Your editorial states that almost half of those doctors "who had direct knowledge of impaired or incompetent colleagues, or who knew of significant medical errors, had failed to report them."

Twenty years ago, I was the director of a clinical department at a metropolitan area hospital. I decided to report a colleague who had problems. The hospital administration agreed and disciplinary action was started, and eventually successfully concluded.

It took me four years to settle the multiple lawsuits against me personally and as director of the department.

Based on my experience, I believe legal protection should be provided so that doctors who do their duty are not penalized with long and expensive lawsuits. If this were done, reporting would increase.

Advice: Google the name of your physician and the terms "lawsuit" and "court."

Browse for related stories in the index at the very bottom of this page, or read a story about impaired physicians.

Thanks to Dr. Heilbrunn, whose letter appeared in the NY Times of Dec. 29.

Friday, December 28, 2007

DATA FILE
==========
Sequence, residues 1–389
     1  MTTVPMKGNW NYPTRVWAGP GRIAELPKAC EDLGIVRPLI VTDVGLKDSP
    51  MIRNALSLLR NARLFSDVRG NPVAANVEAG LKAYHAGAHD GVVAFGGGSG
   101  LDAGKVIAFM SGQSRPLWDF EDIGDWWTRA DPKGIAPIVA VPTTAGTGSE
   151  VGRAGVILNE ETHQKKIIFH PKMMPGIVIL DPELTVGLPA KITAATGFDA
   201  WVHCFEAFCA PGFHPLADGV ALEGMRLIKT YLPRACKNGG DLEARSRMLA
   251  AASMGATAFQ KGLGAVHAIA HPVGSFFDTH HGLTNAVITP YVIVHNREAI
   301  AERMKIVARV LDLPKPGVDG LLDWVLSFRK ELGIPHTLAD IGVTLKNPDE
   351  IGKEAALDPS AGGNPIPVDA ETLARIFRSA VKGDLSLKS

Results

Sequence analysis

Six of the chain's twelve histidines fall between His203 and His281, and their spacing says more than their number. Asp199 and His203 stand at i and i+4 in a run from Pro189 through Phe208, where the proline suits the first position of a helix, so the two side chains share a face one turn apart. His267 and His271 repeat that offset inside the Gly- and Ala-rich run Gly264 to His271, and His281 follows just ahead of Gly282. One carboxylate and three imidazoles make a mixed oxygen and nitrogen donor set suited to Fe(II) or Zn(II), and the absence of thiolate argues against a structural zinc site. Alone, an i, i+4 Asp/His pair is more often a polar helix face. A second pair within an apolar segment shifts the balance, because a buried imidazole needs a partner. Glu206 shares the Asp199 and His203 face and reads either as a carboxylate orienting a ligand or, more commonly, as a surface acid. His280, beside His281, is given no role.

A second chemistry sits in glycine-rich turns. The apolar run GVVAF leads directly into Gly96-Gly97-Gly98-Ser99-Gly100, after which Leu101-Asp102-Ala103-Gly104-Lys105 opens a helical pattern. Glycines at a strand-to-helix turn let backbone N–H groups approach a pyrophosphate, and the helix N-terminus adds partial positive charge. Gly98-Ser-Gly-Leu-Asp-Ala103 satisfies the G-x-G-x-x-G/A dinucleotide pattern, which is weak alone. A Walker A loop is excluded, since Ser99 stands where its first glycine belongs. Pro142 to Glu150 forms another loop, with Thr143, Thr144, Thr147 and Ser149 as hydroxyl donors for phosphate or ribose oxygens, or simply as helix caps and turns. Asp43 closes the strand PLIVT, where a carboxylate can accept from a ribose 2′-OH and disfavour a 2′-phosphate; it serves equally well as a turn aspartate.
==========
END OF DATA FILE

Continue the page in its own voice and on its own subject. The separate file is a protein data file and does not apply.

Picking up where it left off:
Should I accept this new version of my husband?: Chronic pain management

Dear Annie,
My husband and I have been married for 20 years. He's had health problems during his time, but has always managed his pain.

Last year, he went to a pain management clinic and they prescribed narcotics. He takes them every day and is in a fog every night. He has gained weight, become sloppy, and stopped caring how I feel.

I have suggested counseling, but he refuses, saying he has no problem with our marriage. I have seen a counselor myself, but am totally torn up by this. I still receive attention from other men. I don't want to spend the rest of my life with someone who is continually numb. I have a solid job offer in another town close to family. Should I stick it out and accept this new version of my husband?
--Signed, Falling Out of Love

Annie's Advice:

Your husband doesn't want to stop taking this medication because he feels good for the first time in years. However, if he is "in a fog," he may be overmedicated, and his doctor should be told. If you've been with him for 20 years and this latest phase has lasted only 12 months, please stick it out and give him time to adjust his medication. If that doesn't help, insist on counseling for your sake so he can understand how close he is to losing his marriage.

Browse for similar stories in our index at the very bottom of this page, or read a pain management story.

Thanks to "Annie" for the letter and her response, published in Annie's Mailbox, in the Dec. 27 issue of the Boston Globe.

Wednesday, December 26, 2007

A normie wandered in unawares: Coffee, karaoke, and group therapy